SSPs include cloud storage providers (such as Amazon, Google, and IBM), providers of services for online data backup, recovery, or archival that target both businesses and individual consumers (such as Iron Mountain [www. ironmountain.com], EVault [www.evault.com], Mozy [mozy.com], or Carbonite [www. carbonite.com]), and even providers of web-based e-mail services (such as Google Gmail and Yahoo Mail). Verifying the authenticity CONTENTS 21.1 Introduction 277 21.2 Remote Data Integrity Checking for Static Settings 278 21.2.1 Requirements for RDIC Schemes 278 21.2.2 Early RDIC Schemes 279 21.2.3 Provable Data Possession 279 220.127.116.11 Adversarial Model 280 18.104.22.168 e PDP Scheme 280 22.214.171.124 Achieving Robustness 282 126.96.36.199 Remarks 282 21.2.4 Proofs of Retrievability 283 21.3 RDIC for Dynamic Data 284 21.3.1 Dynamic Provable Data Possession 284 21.3.2 Dynamic Proofs of Retrievability 284 21.3.3 Auditable Version Control Systems 286 21.4 Summary 287 Further Reading 287 References 287 of data stored remotely on untrusted servers has emerged as a critical issue. It arises in peer-to-peer storage systems (Kubiatowicz et al. 2000), network le systems (Li et al. 2004; Kallahalla et al. 2003), long-term archives (Maniatis et al. 2005), web-service object stores (Yumerefendi and Chase 2007), and database systems (Maheshwari et al. 2000). Such systems prevent storage servers from misrepresenting or modifying data by having data owners keep a small piece of metadata that allows them to check the authenticity of the data upon retrieval.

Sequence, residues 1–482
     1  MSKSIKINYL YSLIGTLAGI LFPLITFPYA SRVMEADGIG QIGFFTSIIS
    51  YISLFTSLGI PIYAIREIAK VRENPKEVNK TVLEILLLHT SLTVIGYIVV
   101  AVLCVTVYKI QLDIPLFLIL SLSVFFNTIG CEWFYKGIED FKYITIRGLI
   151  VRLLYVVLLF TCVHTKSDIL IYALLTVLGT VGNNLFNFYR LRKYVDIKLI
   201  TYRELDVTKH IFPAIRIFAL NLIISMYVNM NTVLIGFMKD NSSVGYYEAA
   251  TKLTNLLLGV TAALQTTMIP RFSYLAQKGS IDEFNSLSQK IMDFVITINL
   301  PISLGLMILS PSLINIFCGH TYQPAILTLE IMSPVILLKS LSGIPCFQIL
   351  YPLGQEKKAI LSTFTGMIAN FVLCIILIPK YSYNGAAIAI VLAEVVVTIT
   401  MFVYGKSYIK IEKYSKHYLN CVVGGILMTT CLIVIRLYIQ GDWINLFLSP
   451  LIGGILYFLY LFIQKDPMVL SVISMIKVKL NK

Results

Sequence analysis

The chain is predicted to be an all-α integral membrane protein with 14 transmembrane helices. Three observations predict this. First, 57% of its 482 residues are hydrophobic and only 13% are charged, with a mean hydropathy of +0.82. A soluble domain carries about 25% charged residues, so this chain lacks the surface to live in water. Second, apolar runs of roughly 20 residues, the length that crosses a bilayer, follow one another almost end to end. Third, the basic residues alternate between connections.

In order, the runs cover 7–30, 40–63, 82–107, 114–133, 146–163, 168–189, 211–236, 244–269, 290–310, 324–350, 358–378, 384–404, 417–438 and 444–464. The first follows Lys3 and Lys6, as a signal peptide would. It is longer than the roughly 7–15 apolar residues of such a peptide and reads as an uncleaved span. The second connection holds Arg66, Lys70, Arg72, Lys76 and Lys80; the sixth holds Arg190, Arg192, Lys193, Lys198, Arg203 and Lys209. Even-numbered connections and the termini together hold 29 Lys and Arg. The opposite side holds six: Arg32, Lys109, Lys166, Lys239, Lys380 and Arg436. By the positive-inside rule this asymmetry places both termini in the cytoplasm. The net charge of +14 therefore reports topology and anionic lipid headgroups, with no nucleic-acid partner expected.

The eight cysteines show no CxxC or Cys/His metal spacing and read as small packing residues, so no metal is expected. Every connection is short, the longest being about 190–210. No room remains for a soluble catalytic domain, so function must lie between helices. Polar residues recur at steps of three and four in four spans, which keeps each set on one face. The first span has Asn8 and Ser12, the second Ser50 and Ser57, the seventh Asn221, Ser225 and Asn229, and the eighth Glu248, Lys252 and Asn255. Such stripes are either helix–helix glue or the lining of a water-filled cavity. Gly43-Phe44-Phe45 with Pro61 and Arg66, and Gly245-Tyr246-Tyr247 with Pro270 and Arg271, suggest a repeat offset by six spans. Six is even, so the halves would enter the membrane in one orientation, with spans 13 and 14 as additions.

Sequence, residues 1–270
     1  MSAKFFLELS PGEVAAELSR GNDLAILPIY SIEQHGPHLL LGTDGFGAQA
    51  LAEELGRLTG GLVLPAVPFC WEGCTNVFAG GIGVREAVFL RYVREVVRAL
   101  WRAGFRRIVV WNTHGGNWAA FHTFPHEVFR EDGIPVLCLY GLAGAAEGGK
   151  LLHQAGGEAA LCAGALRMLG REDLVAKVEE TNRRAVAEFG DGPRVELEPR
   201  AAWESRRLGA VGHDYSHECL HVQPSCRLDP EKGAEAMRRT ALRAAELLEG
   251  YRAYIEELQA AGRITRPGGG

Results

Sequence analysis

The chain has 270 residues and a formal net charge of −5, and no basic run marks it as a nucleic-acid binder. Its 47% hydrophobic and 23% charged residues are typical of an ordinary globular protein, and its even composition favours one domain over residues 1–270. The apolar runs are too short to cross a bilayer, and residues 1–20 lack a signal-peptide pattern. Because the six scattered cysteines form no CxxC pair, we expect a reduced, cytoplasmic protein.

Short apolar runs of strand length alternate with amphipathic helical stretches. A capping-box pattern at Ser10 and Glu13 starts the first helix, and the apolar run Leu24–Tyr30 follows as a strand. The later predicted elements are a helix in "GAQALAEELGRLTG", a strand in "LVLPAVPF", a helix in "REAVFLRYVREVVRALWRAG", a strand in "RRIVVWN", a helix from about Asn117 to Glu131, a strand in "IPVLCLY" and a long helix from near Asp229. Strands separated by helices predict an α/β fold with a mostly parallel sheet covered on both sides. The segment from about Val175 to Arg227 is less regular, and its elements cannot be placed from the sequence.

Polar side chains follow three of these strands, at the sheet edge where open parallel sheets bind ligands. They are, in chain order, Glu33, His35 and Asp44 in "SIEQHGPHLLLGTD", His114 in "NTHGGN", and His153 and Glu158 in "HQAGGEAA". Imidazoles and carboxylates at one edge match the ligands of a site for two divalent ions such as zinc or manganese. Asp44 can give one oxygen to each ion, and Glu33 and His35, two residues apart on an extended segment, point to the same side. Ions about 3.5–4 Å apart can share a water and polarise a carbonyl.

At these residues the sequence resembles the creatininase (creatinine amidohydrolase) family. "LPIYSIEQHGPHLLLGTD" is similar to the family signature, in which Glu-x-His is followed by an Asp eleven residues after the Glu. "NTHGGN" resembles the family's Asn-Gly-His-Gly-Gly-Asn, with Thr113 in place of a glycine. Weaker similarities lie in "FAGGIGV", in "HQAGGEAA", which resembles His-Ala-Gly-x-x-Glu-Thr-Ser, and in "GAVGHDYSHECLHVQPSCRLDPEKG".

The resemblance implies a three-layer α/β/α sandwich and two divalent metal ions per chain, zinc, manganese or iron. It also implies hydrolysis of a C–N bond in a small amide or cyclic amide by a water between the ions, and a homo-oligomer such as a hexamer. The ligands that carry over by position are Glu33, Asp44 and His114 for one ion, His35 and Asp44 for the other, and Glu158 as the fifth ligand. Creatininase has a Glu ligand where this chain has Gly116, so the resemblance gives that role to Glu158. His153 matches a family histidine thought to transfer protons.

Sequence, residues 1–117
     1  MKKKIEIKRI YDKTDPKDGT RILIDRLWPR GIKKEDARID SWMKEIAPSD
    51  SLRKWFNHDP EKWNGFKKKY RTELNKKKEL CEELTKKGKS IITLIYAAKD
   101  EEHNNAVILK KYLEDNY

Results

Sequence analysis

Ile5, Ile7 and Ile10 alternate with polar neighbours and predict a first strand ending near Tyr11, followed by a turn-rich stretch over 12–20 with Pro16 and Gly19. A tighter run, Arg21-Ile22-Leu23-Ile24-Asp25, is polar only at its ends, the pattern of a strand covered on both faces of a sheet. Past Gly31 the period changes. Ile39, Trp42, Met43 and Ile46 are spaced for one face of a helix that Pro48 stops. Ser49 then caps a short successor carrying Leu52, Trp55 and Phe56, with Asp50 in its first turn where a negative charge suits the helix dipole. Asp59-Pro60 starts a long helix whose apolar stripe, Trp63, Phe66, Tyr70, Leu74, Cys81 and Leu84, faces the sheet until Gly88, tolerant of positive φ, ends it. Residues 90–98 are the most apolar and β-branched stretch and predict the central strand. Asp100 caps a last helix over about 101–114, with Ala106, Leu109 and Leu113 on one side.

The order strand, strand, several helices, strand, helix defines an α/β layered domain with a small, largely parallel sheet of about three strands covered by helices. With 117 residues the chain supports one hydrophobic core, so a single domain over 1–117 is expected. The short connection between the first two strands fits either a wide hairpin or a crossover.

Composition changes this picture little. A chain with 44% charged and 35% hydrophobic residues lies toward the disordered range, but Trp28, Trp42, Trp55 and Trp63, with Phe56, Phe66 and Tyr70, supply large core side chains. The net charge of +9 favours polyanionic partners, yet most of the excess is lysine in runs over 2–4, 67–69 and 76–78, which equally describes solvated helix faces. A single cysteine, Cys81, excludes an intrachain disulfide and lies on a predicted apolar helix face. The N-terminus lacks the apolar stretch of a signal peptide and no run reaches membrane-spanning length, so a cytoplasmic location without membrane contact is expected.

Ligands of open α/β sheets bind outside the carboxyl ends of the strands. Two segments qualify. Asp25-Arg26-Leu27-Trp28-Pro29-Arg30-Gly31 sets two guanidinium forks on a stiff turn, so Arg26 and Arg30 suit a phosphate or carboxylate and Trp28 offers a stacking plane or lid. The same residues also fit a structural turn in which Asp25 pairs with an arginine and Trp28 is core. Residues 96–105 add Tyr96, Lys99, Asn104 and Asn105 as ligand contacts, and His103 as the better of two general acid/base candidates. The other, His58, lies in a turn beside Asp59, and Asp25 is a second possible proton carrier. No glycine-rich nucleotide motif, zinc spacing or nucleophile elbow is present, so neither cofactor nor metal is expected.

|Original language||English (US)|
|Title of host publication||Cloud Computing Security|
|Subtitle of host publication||Foundations and Challenges|
|Number of pages||12|
|State||Published - Jan 1 2016|
All Science Journal Classification (ASJC) codes
- Computer Science(all)